In one way or another, the defenders of Greater Israel, usually come to a conclusion saying that we could all live in peace if only the Palestinians were able to move along, forget the past, forget the minor detail that we stole their pretty country between the river and the sea brutally and illegally 66 years ago, and be happy with the subhuman status we have left them with in a decreasingly sized and increasingly dry and brutal refugee prison, which is for their own good, and from which they could rise again, if only they renounce ill will toward their dispossessor.A commenter on a blog about Finkelstein's accusation that the insistence on Right of Return is historically criminal (I very respectfully believe the good doctor who knows and has done far more than me is nevertheless at least partly wrong, but a properly nuanced response warrants at least another post) has posted this wonderful reply:
I sit on a man’s back, choking him and making him carry me, and yet assure myself and others that I am very sorry for him and wish to ease his lot by all possible means – except by getting off his back. — Lev Tolstoi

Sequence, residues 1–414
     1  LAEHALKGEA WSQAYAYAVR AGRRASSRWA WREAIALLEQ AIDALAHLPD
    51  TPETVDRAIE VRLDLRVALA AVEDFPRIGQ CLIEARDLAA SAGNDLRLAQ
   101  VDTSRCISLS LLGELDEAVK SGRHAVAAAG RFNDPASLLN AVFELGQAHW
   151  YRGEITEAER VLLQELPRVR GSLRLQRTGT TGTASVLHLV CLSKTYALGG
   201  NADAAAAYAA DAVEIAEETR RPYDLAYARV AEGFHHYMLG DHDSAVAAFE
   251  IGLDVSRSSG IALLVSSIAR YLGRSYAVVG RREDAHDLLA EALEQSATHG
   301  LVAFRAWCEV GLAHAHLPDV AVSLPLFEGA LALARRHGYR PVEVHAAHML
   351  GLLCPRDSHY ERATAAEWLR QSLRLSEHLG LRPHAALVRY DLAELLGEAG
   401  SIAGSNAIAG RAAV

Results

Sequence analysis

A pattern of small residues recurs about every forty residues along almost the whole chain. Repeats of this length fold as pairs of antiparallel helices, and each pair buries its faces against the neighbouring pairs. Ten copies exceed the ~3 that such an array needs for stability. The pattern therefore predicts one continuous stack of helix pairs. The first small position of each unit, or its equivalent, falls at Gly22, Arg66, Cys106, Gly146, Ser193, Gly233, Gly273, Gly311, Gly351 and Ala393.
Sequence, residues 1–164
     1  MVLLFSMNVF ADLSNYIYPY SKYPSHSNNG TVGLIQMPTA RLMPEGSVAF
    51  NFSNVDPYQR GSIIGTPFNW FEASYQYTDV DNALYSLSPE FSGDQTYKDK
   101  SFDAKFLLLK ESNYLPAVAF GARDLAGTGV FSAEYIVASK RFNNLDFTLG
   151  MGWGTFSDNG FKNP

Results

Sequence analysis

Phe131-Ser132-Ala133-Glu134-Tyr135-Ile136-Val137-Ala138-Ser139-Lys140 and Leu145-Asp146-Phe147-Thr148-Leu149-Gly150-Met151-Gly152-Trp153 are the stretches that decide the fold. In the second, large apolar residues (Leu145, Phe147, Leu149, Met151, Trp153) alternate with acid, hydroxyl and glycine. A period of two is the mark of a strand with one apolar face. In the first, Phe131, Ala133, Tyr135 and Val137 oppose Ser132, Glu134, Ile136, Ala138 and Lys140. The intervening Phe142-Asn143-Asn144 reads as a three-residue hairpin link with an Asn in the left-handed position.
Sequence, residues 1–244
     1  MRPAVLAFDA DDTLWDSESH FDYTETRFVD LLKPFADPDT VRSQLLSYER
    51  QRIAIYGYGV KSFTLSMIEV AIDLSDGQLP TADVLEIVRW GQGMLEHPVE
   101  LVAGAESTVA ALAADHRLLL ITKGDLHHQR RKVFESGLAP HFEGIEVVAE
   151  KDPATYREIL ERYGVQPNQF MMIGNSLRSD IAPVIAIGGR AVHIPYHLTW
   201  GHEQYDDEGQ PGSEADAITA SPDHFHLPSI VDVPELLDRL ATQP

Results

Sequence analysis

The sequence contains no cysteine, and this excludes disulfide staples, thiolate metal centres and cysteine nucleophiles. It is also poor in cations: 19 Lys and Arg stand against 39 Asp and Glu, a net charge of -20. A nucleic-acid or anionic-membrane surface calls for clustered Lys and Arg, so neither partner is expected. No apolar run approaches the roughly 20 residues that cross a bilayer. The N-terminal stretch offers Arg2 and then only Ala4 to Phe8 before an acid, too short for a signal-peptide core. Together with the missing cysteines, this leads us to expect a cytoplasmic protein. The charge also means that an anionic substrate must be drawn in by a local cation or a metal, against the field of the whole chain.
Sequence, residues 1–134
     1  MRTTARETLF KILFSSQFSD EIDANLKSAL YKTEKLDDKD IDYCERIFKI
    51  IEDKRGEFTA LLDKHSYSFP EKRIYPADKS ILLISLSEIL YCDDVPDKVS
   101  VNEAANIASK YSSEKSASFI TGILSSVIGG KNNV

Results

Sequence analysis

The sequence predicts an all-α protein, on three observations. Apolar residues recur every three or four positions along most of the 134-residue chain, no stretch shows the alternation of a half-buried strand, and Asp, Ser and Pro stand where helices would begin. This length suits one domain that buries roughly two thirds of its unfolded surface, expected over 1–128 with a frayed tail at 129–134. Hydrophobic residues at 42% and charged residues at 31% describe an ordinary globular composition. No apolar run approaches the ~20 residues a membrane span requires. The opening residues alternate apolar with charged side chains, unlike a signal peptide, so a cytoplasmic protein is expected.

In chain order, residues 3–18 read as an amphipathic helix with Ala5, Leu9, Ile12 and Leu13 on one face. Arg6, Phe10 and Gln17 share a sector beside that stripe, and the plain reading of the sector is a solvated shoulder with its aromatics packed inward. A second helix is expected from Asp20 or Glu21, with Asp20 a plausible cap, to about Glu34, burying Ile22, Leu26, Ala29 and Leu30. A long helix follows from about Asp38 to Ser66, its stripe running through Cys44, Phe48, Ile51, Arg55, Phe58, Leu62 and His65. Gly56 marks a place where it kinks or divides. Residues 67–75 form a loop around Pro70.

I also don’t view them as passive actors or just as a victims whose fates rests solely on my (my country ) decisions, this game has two sides and they have made plenty of blunders on their own just as we did. — OlegR [the hasbarat being responded to]
In other words: I sit on a man’s back and make him carry me for 62 years and going, and I agree that the wounds and misery he sustains, and the times he has fainted sending me tipping over into a thorn bush or the avoidable rages he has felt at times and expressed after I pricked him to soldier on, are of the wounds we both share.
If they insist on pursuing their dream of undoing my country i can only sadly shake my head an get ready for the next cycle of violence. – OlegR
In other words – If he insists on rising up to the height that all human beings have a right to, to till his land, to bake his bread, and to live in freedom, I am afraid this would hurt my privilege because I don’t want to share this space. His presence will grow larger, and that makes me very uncomfortable even as people grow closer in many other countries. I am afraid of his passions, his mind, his poverty. I boast of my own liberal institutions that we built because it was a miracle, whether or not God exists, and not because I had room to produce knowledge. To even grant him a different space is too much to ask, he must earn it. I have not set a price yet.Another commenter give a more concise reply to the Hasbarat:
Of course it does. Your precious state is built on massive theft of land and property. Reparations will cost, a lot.